Tuesday, November 23, 2010

Gluing the Heel-block and end block, also gluing the kerfing to the sides

Decided how to connect the neck to the soundboard: I didn't like the option that was in the book and I didn't like an experience I had with screw in nuts (back when I did the box joint jig). Plus the screw in nut would be going into end grain on the neck... So I decided to try a furniture style nut. Like below.You will see the holes drilled in the heel-block to accept the neck of the guitar. The other hole at the bottom is for the truss bar adjustment screw.
One of the things that was holding me back from finishing up this project and for that matter, what could have made the inlay much easier was this tool below. I finally ordered a routing base specifically designed for binding, but also great for inlay. Can't wait to use it!
You will notice three cleats (diamond shaped pieces of wood) on the soundboard. I added those a while ago but didn't post. that process. It was simply gluing on some Sitka Spruce squares and chisel them into a pyramid shape.

Making sure the end-block is at a 90° angle to the soundboard.

Gluing down the end block.
Gluing up the heel-block.
I used that scrap block of wood from an earlier post that I saved to keep this heel-block pressure straight down. (because the top is cut at an angle.) See top of block photo below.

Gluing the kerfing on the top of each side of the guitar. I had to put rubber bands on each of the clothes pins to apply more pressure to the kerfing. (better clamp)

Above you can see the reverse kerfing that I ended up using. (not what I made...)

All glued up! Now that's a lot of clothes pins. I used the business card and sponge to apply the glue.

If you're still following this blog, write me a comment below! I could use the encouragement... or critiques.

Monday, November 22, 2010

Where did I go?

Ok, so I took a very long break since July...

New puppy has been taking most of my time for the last couple months...
Her name is Jasmin or Jazzy.I've been doing a lot of other stuff too, but now it's time...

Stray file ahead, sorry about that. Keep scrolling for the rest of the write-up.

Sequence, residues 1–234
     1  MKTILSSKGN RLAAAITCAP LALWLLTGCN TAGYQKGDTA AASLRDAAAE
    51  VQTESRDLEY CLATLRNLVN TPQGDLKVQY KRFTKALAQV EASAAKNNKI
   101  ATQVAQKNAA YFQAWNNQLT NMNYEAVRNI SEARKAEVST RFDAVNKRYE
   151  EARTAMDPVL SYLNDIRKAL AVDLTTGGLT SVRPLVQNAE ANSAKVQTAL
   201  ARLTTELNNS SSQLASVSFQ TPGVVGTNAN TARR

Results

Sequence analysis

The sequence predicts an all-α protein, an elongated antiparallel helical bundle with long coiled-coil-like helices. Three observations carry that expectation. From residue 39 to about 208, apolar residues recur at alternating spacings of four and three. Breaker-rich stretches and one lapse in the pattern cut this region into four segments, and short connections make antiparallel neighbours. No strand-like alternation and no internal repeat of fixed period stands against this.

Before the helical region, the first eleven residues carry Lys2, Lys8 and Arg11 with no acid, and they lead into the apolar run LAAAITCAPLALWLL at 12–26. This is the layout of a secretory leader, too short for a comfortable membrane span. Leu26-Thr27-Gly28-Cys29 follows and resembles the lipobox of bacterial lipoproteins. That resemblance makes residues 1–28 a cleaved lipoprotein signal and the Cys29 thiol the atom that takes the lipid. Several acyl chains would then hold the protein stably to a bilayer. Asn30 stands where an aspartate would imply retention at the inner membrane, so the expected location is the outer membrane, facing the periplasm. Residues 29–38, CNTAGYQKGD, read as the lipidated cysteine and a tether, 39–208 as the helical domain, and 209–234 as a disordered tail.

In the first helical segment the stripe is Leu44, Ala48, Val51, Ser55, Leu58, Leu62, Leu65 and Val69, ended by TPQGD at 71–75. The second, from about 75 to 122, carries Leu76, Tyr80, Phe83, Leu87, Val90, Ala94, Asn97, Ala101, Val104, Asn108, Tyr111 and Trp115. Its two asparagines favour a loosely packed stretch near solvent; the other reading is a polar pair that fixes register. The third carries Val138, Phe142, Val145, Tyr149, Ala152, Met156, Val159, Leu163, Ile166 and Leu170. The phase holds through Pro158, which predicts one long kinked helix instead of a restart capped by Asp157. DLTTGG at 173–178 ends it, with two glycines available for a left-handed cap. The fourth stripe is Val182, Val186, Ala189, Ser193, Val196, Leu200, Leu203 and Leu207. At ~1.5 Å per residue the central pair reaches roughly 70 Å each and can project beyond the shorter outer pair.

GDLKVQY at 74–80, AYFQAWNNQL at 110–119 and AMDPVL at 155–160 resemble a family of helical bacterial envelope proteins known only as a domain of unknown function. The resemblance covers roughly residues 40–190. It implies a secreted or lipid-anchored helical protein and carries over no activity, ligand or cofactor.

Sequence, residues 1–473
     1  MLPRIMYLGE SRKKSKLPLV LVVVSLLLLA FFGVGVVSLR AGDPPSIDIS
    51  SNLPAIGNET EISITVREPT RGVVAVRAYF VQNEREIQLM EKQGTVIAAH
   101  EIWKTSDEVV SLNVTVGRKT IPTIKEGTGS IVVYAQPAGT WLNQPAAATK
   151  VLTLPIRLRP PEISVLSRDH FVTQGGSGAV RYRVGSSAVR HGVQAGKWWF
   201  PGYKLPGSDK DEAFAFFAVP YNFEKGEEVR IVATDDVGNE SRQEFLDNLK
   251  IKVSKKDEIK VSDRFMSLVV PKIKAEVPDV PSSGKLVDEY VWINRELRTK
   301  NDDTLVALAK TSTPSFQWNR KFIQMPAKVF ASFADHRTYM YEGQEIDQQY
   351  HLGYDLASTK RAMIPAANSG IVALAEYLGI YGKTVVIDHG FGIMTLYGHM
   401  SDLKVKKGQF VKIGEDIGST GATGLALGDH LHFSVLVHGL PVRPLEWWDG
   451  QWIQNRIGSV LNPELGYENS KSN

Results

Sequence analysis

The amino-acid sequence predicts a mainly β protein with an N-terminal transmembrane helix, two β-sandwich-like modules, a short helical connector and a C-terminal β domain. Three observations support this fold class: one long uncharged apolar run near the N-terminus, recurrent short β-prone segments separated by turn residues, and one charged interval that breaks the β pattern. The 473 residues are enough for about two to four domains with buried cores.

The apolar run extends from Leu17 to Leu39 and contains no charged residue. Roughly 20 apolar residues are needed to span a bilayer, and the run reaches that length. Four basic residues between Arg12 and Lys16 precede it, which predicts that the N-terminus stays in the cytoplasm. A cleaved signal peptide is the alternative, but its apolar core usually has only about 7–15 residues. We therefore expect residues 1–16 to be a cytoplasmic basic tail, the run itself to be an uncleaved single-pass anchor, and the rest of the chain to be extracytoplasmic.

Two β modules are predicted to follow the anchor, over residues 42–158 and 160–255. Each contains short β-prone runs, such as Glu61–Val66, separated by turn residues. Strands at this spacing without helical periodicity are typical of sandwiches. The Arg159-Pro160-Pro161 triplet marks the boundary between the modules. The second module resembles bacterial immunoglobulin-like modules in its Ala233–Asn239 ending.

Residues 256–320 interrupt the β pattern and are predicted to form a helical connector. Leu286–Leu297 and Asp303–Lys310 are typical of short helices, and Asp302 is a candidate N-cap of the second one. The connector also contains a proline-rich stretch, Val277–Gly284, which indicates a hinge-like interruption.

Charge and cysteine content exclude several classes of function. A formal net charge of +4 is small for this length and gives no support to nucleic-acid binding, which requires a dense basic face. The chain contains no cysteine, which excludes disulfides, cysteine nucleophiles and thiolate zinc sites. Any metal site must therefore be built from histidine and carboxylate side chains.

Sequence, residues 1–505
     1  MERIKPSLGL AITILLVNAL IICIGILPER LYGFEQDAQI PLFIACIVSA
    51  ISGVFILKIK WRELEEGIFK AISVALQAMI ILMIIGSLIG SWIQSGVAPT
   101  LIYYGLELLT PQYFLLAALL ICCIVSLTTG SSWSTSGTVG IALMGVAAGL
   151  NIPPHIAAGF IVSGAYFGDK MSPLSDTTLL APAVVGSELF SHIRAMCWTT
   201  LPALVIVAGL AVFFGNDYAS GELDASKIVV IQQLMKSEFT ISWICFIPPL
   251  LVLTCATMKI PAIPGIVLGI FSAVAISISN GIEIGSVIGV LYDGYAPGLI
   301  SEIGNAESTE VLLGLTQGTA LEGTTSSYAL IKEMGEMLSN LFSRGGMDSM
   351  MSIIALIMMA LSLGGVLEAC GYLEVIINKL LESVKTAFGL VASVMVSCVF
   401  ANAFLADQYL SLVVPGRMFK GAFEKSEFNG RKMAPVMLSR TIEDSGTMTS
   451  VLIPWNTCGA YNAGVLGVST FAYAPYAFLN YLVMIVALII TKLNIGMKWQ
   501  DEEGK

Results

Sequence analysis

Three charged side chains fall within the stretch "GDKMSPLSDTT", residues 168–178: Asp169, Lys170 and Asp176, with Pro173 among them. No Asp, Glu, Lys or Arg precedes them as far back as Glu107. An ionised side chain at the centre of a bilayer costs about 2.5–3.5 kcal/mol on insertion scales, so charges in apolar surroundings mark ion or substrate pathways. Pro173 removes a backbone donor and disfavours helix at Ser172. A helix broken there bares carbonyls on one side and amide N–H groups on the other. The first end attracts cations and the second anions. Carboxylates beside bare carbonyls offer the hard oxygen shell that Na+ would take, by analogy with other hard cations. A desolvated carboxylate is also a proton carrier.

I'm back. Although I wasn't posting I did do a lot of sanding and refining the soundboard (more on that later). Also, I wasn't 100% sure what I wanted to do as far as the kerfing went. I decided against using the kerfing that I made and will use reverse kerfing instead. I was just afraid that the thickness of my table saw blade was just too thick to make good kerfing... I don't know but that's what I did.

I will be posting photos up tomorrow to show that process.

Sunday, July 25, 2010

Making the Kerfing

It's been about a month since my last post. We've had a lot of company this last month, plus I've been doing lot's of other summer-time stuff and honey-dos. I should have just purchased Kerfing but once again I just had to make it from scratch. (at least on this first guitar).

Started buy cutting out many of these blocks of mahogony.

Then made a mark on the saw table to line to wood up.

Just continue to line the mark up and cut.

Almost done.
All the blocks are kerfed.

Cutting the kerfing on a steep angle.

All the angles are cut.
Finished up by ripping them all down to finished size. I think I have enough kerfing to do a couple guitars. Really glad this step is done!

Kirfing Jig (a waste of time)

I based the design of this jig off from this video: http://www.youtube.com/watch?v=P0BIQGoO_Vc

Except, I thought It would be more useful to have a wheel advance instead of a rack advance.